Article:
UPDATE, 6/1: Ken Starr has resigned from his position of Chancellor at He still maintains that he “didn’t know what was happening” regarding accusations that rape allegations against the football team were mishandled, but he says “The captain goes down with the ship,” he said. He will still teach at the law school.
Ken Starr hates women. Too harsh? It at least seems appropriate to write that Ken Starr, without shame, holds the lives of women in contempt and that this emotional tic has served him quite well. It is also, finally, catching up to him. In the 1990s, Starr rose to lurid national prominence as the right-wing grand inquisitor of Bill Clinton’s sex life. Today, he is the deposed president of Baylor, someone who, it seems, callously disregarded multiple allegations of sexual assault because the rapists were on the football team (although the acceptance of rape at Baylor seems to extend well beyond the football field). Yet Starr’s 1990s puritan zealotry and his blithe inactions today are two sides of the same gold coin.
Those of us over a certain age will always remember Ken Starr as the smooth-faced, cherubic independent prosecutor with the rimless glasses, peering into every last scandal of Bill Clinton’s presidency with unprecedented latitude. It would have been remarkable—as historian Howard Zinn said at the time—if an independent prosecutor was examining the influence of Wall Street on Clinton’s neoliberal agenda, or the influence of the private prison industry. But Starr’s interest always strayed below the belt.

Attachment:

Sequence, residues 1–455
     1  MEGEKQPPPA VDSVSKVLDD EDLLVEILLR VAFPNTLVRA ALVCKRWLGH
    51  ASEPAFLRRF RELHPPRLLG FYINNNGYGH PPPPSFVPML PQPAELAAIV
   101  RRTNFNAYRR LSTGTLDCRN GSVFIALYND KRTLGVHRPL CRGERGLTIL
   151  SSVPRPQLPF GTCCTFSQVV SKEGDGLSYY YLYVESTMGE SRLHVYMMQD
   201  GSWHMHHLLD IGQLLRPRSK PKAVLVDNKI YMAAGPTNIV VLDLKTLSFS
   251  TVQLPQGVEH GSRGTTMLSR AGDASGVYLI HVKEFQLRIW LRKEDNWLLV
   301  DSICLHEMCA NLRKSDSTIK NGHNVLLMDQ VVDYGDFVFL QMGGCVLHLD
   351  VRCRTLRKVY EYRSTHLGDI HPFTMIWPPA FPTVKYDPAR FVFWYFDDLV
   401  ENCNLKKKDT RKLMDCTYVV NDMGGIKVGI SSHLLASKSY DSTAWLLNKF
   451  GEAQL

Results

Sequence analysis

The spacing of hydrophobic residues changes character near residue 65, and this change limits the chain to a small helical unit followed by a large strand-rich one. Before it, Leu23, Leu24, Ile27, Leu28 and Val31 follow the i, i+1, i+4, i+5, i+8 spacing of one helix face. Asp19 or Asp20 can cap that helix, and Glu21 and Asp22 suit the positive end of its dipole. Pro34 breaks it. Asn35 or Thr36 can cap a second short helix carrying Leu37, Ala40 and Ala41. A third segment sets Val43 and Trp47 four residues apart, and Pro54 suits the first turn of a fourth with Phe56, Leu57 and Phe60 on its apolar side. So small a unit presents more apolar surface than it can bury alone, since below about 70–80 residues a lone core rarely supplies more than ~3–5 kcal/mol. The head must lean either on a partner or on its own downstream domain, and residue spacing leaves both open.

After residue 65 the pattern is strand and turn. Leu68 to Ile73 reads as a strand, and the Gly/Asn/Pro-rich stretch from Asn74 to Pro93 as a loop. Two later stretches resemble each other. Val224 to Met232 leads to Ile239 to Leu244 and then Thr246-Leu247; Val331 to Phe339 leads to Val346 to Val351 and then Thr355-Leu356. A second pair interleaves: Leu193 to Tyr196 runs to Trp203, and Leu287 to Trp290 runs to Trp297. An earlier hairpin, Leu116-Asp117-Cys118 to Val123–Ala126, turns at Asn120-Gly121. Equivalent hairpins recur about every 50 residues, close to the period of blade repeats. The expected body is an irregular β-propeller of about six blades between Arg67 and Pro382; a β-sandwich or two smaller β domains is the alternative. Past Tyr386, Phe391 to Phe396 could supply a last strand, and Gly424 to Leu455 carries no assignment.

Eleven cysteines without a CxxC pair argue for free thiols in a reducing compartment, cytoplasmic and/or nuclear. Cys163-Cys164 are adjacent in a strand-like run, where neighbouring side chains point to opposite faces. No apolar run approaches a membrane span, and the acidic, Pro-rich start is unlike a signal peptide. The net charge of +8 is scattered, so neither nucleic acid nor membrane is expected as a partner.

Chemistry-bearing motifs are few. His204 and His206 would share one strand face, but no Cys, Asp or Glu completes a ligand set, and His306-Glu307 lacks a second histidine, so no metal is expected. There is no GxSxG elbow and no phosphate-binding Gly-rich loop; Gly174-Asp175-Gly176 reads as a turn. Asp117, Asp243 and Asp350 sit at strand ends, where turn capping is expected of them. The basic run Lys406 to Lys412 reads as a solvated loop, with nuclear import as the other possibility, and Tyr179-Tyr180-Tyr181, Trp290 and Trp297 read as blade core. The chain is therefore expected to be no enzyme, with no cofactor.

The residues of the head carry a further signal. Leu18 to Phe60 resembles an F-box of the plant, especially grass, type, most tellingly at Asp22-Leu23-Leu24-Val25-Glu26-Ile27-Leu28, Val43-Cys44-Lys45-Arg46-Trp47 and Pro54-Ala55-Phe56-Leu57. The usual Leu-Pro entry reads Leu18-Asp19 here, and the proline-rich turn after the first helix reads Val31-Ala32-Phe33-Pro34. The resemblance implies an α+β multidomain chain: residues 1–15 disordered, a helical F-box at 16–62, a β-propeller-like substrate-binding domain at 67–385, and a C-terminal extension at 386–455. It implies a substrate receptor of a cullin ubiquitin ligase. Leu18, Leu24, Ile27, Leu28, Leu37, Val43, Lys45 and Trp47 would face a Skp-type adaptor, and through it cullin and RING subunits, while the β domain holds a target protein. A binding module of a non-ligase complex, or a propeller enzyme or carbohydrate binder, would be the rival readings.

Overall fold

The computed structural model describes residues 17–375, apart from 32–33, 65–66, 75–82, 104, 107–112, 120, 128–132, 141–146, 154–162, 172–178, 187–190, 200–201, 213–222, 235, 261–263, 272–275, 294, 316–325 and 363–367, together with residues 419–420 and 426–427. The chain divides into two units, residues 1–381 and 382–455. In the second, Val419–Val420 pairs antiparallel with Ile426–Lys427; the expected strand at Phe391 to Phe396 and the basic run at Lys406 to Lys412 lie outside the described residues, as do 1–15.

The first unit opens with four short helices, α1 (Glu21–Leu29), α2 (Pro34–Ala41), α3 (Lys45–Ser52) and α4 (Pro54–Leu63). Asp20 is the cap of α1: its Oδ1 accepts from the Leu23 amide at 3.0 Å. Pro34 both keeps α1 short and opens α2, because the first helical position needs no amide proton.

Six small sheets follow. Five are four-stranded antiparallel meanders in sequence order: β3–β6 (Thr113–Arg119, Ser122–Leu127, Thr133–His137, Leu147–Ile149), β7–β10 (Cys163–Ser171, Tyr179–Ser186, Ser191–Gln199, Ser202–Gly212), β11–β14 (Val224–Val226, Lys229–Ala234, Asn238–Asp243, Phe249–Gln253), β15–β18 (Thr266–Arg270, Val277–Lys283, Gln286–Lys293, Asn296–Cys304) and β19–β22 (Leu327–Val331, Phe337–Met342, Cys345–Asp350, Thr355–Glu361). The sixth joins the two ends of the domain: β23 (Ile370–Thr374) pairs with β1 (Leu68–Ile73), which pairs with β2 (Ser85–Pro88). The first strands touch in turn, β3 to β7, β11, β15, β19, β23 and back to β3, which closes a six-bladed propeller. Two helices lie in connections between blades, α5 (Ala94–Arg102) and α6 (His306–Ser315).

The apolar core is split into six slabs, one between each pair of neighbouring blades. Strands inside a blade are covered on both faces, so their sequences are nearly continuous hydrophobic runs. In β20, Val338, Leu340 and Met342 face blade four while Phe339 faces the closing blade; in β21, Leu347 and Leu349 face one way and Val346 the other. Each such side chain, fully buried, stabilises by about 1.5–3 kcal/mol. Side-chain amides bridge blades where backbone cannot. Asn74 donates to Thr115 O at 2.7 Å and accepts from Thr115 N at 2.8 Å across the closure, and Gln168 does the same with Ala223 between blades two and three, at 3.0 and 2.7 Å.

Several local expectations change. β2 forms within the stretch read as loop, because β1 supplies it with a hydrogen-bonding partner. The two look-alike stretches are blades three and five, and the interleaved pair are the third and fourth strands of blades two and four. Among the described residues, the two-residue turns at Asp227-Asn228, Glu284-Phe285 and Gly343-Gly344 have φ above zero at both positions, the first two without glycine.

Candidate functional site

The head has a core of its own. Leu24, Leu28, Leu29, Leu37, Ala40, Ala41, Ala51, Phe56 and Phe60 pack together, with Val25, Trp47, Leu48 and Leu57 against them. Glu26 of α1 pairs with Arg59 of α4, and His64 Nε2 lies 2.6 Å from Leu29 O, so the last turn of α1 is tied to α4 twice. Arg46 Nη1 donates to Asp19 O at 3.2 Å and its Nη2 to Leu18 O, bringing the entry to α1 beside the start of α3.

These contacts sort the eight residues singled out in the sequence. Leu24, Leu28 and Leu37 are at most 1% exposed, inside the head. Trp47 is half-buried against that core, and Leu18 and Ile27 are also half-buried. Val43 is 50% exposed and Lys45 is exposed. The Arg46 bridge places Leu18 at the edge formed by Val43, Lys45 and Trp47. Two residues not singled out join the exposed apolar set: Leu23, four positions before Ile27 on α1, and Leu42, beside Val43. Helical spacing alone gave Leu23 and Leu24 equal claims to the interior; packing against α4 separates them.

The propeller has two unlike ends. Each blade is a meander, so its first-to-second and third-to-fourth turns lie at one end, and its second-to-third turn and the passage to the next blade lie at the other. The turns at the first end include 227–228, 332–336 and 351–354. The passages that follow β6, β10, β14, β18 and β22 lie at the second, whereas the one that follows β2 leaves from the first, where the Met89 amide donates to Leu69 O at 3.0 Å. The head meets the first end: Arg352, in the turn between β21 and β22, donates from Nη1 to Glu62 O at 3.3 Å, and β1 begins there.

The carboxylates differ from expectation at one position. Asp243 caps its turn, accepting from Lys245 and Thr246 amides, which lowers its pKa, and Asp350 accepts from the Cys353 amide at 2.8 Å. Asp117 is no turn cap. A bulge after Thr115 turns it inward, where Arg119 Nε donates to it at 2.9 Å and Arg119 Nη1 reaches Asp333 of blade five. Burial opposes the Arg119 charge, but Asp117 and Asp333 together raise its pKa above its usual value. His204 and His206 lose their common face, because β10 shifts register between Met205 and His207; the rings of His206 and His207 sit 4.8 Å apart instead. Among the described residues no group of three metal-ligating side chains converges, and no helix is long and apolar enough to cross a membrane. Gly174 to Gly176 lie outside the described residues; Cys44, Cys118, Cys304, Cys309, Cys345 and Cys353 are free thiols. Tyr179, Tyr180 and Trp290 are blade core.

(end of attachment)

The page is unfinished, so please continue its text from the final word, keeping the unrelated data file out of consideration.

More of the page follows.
His mandate somehow turned into “The Starr Report,” his bluntly written, cringe-inducing, widely disseminated account of Clinton’s affair with White House intern Monica Lewinsky, which attempted to uncover the critical constitutional question about whether blowjobs should be classified as “sex.” It was a transparent effort to shame Clinton out of office, with an absence of concern of what such an effort would do to Lewinsky. The report and attendant shaming sent her out of the country and into a state where she contemplated suicide. While she suffered, Ken Starr became a hero in conservative circles for his stoning of Lewinsky in the public square.
In the end, Bill Clinton—whom Starr has said recently that he “liked”—weathered his impeachment and is currently preparing for dynastic restoration. Lewinsky has had a much more harrowing time of it, although her recent speeches about public shaming are impressive for their ability to connect her seemingly unique ordeal with issues such as cyber-bullying and “revenge porn.”